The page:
Antony van der Ent and Hugh Harris introduce the Metallomics themed issue on phytometallomics.
Ecophysiology of nickel hyperaccumulating plants from South Africa – from ultramafic soil and mycorrhiza to plants and insects
Ecophysiological model “ultramafic soil – mycorrhiza – hyperaccumulating plants – specialised insects and other organisms” is presented for South African nickel hyperaccumulating plants.
Biomolecular approaches to understanding metal tolerance and hyperaccumulation in plants
Trace metal elements are essential for plant growth but become toxic at high concentrations, while some non-essential elements, such as Cd and As, show toxicity even in traces.
Elemental distribution and chemical speciation of copper and cobalt in three metallophytes from the copper–cobalt belt in Northern Zambia
Metallophytes from the Zambian copper–cobalt belt have a complex Cu–Co coordination chemistry and diverse elemental distribution at the tissue-level. This study reveals different ecophysiological responses in hyper-tolerant plant species growing in metalliferous environments.
Distribution and chemical form of selenium in Neptunia amplexicaulis from Central Queensland, Australia
Elemental mapping of selenium in the hyperaccumulator Neptunia amplexicaulis determined whole plant and tissue level selenium distribution. The total concentrations and chemical forms of selenium are also reported for this species.
Distribution of aluminium in hydrated leaves of tea (Camellia sinensis) using synchrotron- and laboratory-based X-ray fluorescence microscopy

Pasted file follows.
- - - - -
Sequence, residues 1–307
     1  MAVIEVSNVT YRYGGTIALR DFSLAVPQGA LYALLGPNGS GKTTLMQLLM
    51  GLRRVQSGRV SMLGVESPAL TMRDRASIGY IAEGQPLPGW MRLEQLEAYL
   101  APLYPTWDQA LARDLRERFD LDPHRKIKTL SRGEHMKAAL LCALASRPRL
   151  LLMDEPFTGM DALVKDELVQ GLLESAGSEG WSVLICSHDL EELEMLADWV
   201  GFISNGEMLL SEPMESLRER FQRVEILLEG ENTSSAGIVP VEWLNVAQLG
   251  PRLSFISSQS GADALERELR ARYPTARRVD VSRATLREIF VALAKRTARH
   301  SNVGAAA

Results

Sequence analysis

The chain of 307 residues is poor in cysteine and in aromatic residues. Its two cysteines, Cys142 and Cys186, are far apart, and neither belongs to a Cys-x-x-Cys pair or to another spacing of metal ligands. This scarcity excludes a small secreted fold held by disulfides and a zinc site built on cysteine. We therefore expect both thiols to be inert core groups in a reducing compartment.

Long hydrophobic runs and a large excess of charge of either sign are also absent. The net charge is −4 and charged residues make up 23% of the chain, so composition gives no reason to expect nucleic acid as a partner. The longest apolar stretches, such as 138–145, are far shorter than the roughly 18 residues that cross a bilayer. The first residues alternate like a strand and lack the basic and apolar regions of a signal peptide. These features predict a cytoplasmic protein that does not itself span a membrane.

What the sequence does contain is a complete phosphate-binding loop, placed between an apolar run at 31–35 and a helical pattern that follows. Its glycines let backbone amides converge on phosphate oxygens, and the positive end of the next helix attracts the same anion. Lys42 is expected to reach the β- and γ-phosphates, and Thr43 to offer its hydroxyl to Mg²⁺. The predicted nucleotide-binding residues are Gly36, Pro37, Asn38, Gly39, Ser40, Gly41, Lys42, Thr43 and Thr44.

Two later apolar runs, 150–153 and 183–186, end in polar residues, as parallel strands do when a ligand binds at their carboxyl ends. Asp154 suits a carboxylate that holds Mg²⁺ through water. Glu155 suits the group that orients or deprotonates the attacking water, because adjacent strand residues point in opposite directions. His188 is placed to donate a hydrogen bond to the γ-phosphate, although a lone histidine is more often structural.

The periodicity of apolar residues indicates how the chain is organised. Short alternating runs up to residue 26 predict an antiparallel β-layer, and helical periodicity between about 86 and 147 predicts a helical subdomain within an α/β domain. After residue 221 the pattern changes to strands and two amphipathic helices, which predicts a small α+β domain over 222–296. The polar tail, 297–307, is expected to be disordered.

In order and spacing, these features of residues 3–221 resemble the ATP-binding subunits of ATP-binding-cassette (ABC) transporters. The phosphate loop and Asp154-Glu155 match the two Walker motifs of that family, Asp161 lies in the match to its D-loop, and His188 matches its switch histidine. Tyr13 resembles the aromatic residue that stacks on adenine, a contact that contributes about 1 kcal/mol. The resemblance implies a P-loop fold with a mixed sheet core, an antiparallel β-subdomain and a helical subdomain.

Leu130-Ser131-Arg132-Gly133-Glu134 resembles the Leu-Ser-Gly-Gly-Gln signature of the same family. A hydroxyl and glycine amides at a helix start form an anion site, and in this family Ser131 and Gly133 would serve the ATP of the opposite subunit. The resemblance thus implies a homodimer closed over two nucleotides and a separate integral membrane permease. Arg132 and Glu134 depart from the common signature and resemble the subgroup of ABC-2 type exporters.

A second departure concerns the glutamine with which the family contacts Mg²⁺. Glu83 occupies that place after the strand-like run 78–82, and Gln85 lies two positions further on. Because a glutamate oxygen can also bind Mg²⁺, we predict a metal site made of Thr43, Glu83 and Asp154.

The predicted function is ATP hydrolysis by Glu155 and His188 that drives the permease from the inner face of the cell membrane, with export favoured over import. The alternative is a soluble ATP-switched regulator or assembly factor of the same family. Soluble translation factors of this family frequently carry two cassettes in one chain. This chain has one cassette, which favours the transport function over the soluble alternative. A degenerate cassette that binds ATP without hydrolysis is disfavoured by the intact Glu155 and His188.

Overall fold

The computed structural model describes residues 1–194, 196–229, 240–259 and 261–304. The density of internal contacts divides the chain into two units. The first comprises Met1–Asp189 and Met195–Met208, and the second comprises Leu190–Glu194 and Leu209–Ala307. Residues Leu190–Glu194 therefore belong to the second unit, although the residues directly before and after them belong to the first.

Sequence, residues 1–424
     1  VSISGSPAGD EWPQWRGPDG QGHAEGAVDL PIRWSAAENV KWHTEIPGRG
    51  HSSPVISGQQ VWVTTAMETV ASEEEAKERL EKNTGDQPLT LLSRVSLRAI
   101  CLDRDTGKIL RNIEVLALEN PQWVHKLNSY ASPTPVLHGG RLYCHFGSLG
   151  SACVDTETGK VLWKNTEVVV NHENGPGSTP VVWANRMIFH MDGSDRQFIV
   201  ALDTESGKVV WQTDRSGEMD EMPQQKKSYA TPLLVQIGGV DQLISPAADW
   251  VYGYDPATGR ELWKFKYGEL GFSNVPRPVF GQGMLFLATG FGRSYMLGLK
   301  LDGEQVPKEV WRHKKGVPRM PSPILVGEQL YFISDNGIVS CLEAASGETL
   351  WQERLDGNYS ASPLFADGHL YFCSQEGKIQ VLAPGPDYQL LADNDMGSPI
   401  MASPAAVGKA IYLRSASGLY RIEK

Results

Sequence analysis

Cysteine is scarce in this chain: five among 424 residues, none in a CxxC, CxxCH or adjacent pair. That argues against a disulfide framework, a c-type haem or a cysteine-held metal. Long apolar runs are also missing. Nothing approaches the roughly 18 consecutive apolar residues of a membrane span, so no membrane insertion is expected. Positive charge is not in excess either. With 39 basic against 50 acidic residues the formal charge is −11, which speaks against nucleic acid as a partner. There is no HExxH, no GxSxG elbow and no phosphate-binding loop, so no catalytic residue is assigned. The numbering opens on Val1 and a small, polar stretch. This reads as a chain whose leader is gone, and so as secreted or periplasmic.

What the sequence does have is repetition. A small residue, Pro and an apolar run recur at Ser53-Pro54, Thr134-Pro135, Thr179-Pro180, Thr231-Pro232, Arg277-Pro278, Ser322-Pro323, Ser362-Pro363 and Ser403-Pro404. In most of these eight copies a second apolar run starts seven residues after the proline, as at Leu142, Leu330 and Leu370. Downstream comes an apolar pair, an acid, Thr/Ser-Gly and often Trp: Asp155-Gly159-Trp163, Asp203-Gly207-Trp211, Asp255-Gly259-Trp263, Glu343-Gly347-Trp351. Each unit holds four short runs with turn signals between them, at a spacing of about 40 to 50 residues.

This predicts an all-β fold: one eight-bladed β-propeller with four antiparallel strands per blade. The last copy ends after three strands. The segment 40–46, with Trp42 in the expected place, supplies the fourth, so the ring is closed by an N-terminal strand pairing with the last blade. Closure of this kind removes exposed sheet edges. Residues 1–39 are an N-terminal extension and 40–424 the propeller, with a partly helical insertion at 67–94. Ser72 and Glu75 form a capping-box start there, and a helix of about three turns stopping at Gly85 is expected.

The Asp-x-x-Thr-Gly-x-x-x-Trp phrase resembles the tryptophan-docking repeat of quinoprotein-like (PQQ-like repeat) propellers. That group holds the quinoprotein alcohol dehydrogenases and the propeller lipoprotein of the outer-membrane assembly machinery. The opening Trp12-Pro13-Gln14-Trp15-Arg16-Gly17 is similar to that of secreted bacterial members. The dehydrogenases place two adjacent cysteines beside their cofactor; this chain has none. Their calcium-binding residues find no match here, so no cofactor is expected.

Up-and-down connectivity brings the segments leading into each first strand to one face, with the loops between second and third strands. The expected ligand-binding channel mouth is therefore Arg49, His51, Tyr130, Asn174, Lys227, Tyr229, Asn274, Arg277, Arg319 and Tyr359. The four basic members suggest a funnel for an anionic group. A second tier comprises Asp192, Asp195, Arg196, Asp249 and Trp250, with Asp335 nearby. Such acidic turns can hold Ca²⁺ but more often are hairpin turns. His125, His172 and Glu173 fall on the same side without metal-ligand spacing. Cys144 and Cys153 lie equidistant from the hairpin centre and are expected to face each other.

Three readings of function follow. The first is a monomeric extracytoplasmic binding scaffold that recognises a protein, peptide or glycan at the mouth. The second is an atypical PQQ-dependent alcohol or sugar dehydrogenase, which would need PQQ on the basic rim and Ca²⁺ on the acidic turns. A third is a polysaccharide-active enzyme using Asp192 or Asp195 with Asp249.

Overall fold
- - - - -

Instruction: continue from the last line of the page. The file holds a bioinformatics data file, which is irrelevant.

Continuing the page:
This study used X-ray fluorescence microscopy to reveal the distribution of aluminium in fresh hydrated plant tissues of Tea (Camellia sinensis).
Visible cellular distribution of cadmium and zinc in the hyperaccumulator Arabidopsis halleri ssp. gemmifera determined by 2-D X-ray fluorescence imaging using high-energy synchrotron radiation
SR-μ-XRF imaging has revealed that the distribution of Zn in leaves was different from that of Cd at a cellular level.
X-ray fluorescence spectroscopy (XRF) applied to plant science: challenges towards in vivo analysis of plants
X-ray fluorescence spectroscopy presents a unique capability to probe the elemental content of plants in vivo, besides combination with other non-destructive tools to assess physiological processes.
Identification and physiological comparison of plant species that show positive or negative co-occurrence with selenium hyperaccumulators
Reynolds and coworkers investigated effects of selenium hyperaccumulator plants on local vegetation. Shown is elemental distribution in Alyssum simplex.
Endosperm prevents toxic amounts of Zn from accumulating in the seed embryo – an adaptation to metalliferous sites in metal-tolerant Biscutella laevigata
The pseudometallophyte Biscutella laevigata adapts to metalliferous soils by allocating excess metal(loid)s to the endosperm (E) of seeds to protect embryonic tissues and improve reproductive success.
Evaluating effects of iron on manganese toxicity in soybean and sunflower using synchrotron-based X-ray fluorescence microscopy and X-ray absorption spectroscopy
Increased Fe in solution decreased Mn accumulation on soybean unifoliate leaves and in trichomes of sunflower lower alternate leaves.
Spatially-resolved localization and chemical speciation of nickel and zinc in Noccaea tymphaea and Bornmuellera emarginata
Hyperaccumulator plants present the ideal model system for studying the physiological regulation of the essential (and potentially toxic) transition elements nickel and zinc.
About this collection
This is a collection of papers consisting of invited contributions including reviews and original research articles that highlight the latest high-impact research on metals and metalloids that play key roles in the homeostasis of plants. Guest Edited by Antony van der Ent and Hugh Harris. New articles will be added to this collection as they are published.